the-phone-book.com grew and grew. We ran quarterly editions for three years, publishing 935 stories written by 330 writers from 24 countries. By the end of publication in 2004, we were receiving 3000 submissions each edition, with 1500 unique views to the WAP and websites every day. We’d also managed to gain a few more grants and commissions, enough to design and build a bespoke web2.0 xhtml database-driven website (which made producing each edition way easier, and included a word count limit, preventing the inevitable submission of entire novels!), produce an installation listening-piece called ‘the-phone-box’, a 3-disk CD box set and a four-book anthology from the first year’s collection, and a 10” red vinyl and 12” black vinyl version for scratch DJs to use in battles.
Six years after that first meeting, in 2006, Twitter was born and the first iPhone was released in USA. That year, timed neatly with the iPhone launch, we showcased “A Mobile Phone Art Retrospective” at an International Animation Festival in Portland, Oregon. That exhibition, screening, and conference panel contained not only samples from the-phone-book.com’s story collection, but all the other creative projects we’d run since – artones.net about ringtones/logos, and the-sketch-book.com about animation and films. All creative challenges based on the technical limitations of the technologies you carry in your pockets.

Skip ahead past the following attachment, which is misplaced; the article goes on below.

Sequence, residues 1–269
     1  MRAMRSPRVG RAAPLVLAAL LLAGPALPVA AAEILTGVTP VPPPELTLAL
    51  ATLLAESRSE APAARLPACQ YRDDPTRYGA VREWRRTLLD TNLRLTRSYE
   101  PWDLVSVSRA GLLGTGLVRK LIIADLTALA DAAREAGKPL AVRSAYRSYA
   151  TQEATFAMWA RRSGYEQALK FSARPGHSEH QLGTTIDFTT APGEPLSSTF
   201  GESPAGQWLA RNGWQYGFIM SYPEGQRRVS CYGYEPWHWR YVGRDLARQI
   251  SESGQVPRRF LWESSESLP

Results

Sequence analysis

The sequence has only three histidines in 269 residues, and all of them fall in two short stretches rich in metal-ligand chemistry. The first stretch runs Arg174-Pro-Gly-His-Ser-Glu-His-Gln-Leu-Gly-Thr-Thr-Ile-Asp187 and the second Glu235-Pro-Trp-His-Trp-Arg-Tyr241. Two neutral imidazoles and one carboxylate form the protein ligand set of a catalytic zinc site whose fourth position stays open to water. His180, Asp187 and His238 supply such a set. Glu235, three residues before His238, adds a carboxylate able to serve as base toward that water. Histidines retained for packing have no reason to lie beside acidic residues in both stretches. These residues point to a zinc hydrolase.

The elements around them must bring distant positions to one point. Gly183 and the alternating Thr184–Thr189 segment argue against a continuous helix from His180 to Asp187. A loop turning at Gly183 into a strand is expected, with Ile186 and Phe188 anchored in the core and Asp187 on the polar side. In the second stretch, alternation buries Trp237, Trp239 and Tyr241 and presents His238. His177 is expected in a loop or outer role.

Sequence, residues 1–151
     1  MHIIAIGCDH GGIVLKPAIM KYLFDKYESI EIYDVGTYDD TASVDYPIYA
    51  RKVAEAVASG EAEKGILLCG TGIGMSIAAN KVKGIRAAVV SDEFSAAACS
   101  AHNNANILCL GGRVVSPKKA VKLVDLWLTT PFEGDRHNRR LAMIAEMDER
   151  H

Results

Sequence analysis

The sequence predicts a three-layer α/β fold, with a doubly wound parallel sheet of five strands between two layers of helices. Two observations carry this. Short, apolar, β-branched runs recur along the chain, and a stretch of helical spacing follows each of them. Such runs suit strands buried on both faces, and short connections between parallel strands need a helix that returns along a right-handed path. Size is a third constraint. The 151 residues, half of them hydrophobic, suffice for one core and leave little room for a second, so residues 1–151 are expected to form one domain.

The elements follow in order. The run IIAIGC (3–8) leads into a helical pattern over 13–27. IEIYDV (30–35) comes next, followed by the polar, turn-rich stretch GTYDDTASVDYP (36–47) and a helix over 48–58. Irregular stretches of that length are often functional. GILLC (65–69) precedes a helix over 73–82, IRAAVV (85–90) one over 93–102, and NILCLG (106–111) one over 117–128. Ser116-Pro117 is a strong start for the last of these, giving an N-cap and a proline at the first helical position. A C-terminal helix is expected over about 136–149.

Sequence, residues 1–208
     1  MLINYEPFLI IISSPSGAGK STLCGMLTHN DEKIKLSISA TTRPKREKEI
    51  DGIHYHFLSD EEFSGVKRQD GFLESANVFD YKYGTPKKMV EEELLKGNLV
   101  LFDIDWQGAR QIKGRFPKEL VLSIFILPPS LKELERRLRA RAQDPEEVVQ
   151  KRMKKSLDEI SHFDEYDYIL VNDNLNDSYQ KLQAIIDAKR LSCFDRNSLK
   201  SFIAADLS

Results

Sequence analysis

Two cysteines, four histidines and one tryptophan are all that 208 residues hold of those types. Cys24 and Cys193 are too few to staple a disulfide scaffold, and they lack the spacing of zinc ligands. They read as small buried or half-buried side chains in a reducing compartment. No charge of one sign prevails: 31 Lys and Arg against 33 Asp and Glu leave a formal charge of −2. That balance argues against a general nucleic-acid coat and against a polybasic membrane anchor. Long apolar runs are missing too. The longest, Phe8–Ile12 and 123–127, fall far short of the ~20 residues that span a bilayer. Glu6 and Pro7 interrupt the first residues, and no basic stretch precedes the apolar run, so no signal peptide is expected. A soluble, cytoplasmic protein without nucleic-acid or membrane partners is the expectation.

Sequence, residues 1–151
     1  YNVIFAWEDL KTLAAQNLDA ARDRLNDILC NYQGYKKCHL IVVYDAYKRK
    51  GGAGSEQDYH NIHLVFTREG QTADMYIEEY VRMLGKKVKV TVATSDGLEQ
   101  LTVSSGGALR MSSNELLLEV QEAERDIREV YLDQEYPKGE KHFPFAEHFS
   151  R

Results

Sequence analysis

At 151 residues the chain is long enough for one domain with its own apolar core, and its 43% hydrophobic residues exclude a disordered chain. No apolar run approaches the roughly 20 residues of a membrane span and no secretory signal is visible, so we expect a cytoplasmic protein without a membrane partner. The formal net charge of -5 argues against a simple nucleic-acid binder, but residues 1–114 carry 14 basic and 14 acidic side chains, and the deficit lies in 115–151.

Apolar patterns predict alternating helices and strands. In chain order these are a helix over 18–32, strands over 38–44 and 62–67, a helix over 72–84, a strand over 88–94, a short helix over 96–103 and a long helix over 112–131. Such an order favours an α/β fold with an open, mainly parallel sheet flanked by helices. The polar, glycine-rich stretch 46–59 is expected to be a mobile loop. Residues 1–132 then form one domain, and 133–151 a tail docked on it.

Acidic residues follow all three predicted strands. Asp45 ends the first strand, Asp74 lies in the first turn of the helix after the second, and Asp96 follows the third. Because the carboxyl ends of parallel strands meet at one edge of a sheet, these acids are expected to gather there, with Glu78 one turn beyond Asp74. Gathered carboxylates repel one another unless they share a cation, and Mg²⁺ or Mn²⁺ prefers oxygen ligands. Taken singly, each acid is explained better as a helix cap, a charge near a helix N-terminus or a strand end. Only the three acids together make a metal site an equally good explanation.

I’m sharing this story today – in a world where most of us wouldn’t know how to exist without our phones – to share a message. No matter how unfeasible other people might say your ideas are, you should always, always, trust your gut. Many people will tell you you’re wrong. But sometimes, history might just prove you right.
If you’re interested in more…
* The full collection came offline many years ago now, but can still be accessed via The Wayback Machine at archive.org (bless ‘em): http://web.archive.org/web/20050801084025/http://www.the-phone-book.com
* For more on my old company’s history, read “the-phone-book Limited reflections” (a keynote talk for the Mobile Innovation Network Association 2016 conference) http://www.reallybigroadtrip.com/2016/12/minamobile16